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America's 'democratic experiment' is inextricably tied to the history of slavery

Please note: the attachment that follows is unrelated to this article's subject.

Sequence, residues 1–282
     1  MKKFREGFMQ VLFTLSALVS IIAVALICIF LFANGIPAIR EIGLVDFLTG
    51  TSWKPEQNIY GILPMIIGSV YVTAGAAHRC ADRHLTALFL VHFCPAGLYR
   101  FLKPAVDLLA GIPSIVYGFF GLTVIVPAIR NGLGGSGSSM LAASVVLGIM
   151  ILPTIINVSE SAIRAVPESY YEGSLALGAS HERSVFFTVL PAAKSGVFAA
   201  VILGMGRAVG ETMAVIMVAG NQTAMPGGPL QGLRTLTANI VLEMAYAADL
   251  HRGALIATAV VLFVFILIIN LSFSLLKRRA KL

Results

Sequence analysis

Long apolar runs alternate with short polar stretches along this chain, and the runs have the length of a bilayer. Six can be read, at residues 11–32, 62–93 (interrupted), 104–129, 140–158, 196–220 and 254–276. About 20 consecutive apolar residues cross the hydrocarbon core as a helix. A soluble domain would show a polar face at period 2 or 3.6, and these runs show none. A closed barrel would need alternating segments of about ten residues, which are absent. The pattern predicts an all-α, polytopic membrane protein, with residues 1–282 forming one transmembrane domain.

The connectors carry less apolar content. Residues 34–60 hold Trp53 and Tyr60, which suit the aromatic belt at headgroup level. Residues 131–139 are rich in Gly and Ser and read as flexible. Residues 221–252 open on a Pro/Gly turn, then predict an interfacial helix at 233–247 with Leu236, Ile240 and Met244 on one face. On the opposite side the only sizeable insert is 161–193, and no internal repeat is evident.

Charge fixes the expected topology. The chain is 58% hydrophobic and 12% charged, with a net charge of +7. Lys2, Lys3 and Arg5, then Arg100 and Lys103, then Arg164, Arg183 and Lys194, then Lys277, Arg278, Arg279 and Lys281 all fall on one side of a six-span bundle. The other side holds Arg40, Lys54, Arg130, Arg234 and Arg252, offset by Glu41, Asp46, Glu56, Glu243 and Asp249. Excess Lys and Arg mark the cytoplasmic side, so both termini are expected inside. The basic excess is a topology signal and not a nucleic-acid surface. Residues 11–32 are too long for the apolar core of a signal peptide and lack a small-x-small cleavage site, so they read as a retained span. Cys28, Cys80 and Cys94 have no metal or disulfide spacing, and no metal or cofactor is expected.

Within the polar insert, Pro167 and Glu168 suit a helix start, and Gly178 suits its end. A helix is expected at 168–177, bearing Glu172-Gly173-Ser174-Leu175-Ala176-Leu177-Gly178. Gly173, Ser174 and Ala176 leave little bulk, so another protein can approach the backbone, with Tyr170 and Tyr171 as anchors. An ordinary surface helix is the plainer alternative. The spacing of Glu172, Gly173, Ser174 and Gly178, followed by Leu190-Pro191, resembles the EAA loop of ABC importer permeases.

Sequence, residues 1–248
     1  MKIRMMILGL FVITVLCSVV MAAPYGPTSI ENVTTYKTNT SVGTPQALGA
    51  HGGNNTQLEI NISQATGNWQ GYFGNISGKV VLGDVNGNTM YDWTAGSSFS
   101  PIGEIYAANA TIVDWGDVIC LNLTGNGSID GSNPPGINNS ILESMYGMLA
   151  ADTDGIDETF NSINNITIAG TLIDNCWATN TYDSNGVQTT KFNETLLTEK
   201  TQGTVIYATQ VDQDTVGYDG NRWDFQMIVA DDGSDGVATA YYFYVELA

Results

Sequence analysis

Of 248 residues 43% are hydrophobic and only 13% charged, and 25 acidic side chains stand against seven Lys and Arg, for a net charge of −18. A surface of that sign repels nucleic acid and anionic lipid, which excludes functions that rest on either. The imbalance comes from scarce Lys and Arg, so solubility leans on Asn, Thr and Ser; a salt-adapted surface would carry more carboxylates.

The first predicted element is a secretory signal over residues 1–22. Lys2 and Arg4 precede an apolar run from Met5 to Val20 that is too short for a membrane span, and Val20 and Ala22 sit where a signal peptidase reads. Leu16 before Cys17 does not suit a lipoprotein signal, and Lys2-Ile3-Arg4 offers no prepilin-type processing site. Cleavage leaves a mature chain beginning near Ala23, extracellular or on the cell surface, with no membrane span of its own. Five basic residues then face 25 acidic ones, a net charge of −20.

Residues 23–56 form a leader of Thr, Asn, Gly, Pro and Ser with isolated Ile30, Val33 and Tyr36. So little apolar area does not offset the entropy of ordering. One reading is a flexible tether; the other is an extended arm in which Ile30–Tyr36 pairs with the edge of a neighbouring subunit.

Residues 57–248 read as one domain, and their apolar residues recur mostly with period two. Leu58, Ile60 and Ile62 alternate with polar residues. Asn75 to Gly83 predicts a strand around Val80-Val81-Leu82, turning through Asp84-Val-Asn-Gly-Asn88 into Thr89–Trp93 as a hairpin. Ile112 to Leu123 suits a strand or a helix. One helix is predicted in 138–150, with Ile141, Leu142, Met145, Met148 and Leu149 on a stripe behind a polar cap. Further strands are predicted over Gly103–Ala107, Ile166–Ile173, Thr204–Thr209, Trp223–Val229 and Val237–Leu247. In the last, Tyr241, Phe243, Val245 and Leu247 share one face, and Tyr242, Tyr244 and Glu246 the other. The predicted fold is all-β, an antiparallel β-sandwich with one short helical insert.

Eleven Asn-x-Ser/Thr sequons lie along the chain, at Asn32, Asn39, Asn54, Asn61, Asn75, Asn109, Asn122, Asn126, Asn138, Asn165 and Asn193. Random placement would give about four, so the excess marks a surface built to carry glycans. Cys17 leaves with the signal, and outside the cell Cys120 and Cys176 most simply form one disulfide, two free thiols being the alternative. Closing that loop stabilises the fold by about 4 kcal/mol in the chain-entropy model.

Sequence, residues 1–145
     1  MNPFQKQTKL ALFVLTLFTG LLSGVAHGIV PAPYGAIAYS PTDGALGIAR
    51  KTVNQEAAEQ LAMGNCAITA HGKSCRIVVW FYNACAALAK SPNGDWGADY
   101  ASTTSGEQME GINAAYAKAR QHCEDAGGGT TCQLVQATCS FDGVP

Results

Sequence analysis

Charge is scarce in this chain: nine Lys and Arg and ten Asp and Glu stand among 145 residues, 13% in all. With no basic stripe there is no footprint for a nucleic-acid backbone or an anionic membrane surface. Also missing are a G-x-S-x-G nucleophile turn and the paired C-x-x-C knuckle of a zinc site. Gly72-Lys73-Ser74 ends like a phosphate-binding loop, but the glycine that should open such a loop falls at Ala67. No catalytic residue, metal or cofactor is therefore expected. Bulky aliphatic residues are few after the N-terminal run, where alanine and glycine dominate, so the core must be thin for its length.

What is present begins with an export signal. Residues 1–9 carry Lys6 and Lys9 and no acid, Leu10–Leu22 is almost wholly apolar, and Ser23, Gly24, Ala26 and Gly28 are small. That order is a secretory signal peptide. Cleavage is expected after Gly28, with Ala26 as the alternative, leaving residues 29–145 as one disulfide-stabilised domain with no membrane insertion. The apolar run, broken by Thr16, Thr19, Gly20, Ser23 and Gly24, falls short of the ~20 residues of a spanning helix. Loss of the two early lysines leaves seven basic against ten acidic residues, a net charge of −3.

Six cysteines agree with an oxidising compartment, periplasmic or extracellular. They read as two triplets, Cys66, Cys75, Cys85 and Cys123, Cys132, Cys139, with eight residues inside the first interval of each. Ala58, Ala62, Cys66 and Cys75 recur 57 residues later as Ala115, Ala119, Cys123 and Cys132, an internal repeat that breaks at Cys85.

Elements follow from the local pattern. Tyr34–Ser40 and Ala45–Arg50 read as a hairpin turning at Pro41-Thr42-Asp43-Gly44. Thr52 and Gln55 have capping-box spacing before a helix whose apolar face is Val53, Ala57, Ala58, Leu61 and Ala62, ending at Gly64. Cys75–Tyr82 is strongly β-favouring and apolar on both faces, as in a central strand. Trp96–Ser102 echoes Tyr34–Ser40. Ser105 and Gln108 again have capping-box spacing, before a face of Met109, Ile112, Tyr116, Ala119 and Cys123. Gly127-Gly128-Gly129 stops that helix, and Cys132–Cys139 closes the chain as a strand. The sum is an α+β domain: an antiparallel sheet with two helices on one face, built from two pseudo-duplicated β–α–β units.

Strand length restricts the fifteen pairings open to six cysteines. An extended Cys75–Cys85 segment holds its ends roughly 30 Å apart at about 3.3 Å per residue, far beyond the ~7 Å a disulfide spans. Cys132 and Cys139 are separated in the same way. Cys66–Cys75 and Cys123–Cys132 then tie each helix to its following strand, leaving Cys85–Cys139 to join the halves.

America's 'democratic experiment' is inextricably tied to the history of slaveryThe year 1619 laid out rough boundaries of citizenship, freedom, and democracy that are still being policed‘What we politely refer to as the ‘legacy’ of slavery is a political and economic system built on racial exploitation and the theft of black labor.’ Photograph: Carlos Barría/ReutersThis year marks 400 years since enslaved Africans from Angola were forcibly brought to Jamestown, Virginia. This forced migration of black bodies on to what would become the United States of America represents the intertwined origin story of racial slavery and democracy. This year also marks what would have been the 90th birthday of Martin Luther King, the most well-known mobilizer of the civil rights movement’s heroic period between 1954 and 1965.While Americans are quick to recognize Jamestown as the first episode of a continuing democratic experiment, the nation remains less willing to confront the way in which racial slavery proved crucial to the flourishing of American capitalism, democratic freedoms, and racial identity. The year 1619 laid out rough boundaries of citizenship, freedom, and democracy that are still being policed in our own time.Although we hardly remember this today, King often discussed how the imposing shadow of slavery impacted the civil rights struggle, perhaps most notably on 28 August 1963, during the March on Washington.Addressing a quarter of a million people in front of the Lincoln Memorial, King acknowledged racial slavery’s uncanny hold on the American imagination. A century earlier, Abraham Lincoln, whom King called “a great American”, signed the Emancipation Proclamation. Yet 100 years later, black people remained marginalized from the American dream. “Instead of honoring this sacred obligation,” King said, African Americans had received a “bad check” – one that the nation would have to pay in full to overcome the tragic dimensions of a racial past that continued to constrain its future.King longed to reconcile the fundamental contradiction of American democratic traditions: the existence of racial slavery alongside individual freedom and liberty. What King interpreted as a contradiction, Malcolm X recognized as ironic symmetry. According to Malcolm, racial slavery in America helped to undergird a system of racial democracy that became the exclusive provision of whites.In his stinging denunciations of white supremacy and his bold support for revolutionary violence against anti-black racism, Malcolm often invoked African Americans’ experience of 400 years of racial oppression. 2019 is the exact anniversary of the date that Malcolm often extolled in speeches, televised debates, and jaw-rattling interviews.Both Malcolm and Martin understood the intimate connection between the struggle for black dignity and citizenship during the civil rights and Black Power era and the movement to end racial slavery in the nineteenth century.Perhaps no single figure more elegantly represents that century’s struggle over racial slavery, freedom, and citizenship than Frederick Douglass, whose reputation has swelled in the aftermath of the historian David Blight’s recent Pulitzer-winning biography.A former enslaved African American from Maryland’s Chesapeake Bay, Douglass narrated his escape from slavery to freedom as a journey emblematic of the nation’s entire democratic experiment. A brilliant writer and public speaker, Douglass became the 19th century’s most-photographed American, the nation’s leading abolitionist, and a proponent of the violent overthrow of slavery by any means necessary. Douglass, no less than Abraham Lincoln, came to represent the freedom dreams that animated not only the struggle for black citizenship but the destiny of democracy.Racial slavery – a ruthless system of bondage closely tied to the rise of global capitalism – collapsed in 1865 only after the deaths of over 700,000 Americans in the civil war. Black soldiers’ patriotism in the face of white supremacy was only begrudgingly, if ever, acknowledged by northern politicians. New constitutional amendments designed to settle the debate over black freedom by abolishing slavery and establishing birthright citizenship and the vote competed with the rise of political, economic, and racial terror against black Americans.Reconstruction between 1865 and 1896 found black women and men on the cutting edge of new interracial democratic experiments that helped to establish public education, historically black colleges, churches, businesses, civic groups, and mutual aid societies and elect black officials. Yet those triumphs were challenged by violence, political betrayal, and legal and legislative assaults on black citizenship. In 1896, the supreme court’s Plessy v Ferguson decision made segregation the law of the land and ushered in a dark period of history.Contemporary black-led social movements such as Black Lives Matter confront not only the racial ghosts of the Jim Crow south memorialized in popular culture. They face the larger specter of racial slavery that our society often still refuses to acknowledge. What we politely refer to as the “legacy” of slavery represents the evolution of a political and economic system built on racial exploitation, the theft of black labor, and the demonization and dehumanization of black bodies.What is all the more remarkable is the way in which black folk have embraced an expansive vision of democracy even when the nation refused to recognize it as legitimate. Ida B Wells, the 19th-century anti-lynching crusader, was a trailblazing social justice activist whose work anticipated the rise of mass incarceration in America. Ella Jo Baker, the founder of the Student Non-Violent Coordinating Committee (SNCC), understood the sit-in movement to be less about gaining access to white lunch counters than about eradicating oppressive and anti-democratic systems that had flourished since the bullwhip days of antebellum slavery.Similarly, King’s Letter From Birmingham Jail extolled the heroism of black schoolchildren jailed for violating Jim Crow laws in Alabama. Those young people, King argued, would be one day recognized as heroes for having transported the entire nation back to those “great wells of democracy” that were dug deep by the founding fathers.The relationship between slavery and freedom and our contemporary understanding of this history remains at the core of the American democratic experiment, one that has global reverberations for a sprawling communities of indigenous and immigrant people around the world who, in the best of times, have looked to America as a beacon of liberty. Barack Obama’s extraordinary rise to the presidency in 2009 burnished the United States as a symbol of racially transcendent freedom even as Trump has tempered such celebrations as premature.Perhaps the most important lesson from Jamestown for the present is the indefatigable nature of the black freedom struggle. Courageous individual acts of resistance during slavery inspired collective rebellions that transformed American democracy. Yet this change, as we are painfully experiencing today, remains fraught with the weight of a history rooted in racial slavery. Contemporary debates over racial privilege, white supremacy, and identity politics flow from political, economic, and social relations that have become normalized by our history but are far from normal.Confronting slavery’s indelible impact on conceptions of freedom, citizenship, and democracy offers us essential tools for confronting our contemporary age – what might be considered a Third Reconstruction – where efforts to embrace racial justice and an expansive vision of democracy compete alongside movements for racial bigotry rooted in ancient hatreds dressed up in new clothes. * Peniel E Joseph is the founding director of the Center for the Study of Race and Democracy at the LBJ School of Public Affairs and professor of history at the University of Texas at Austin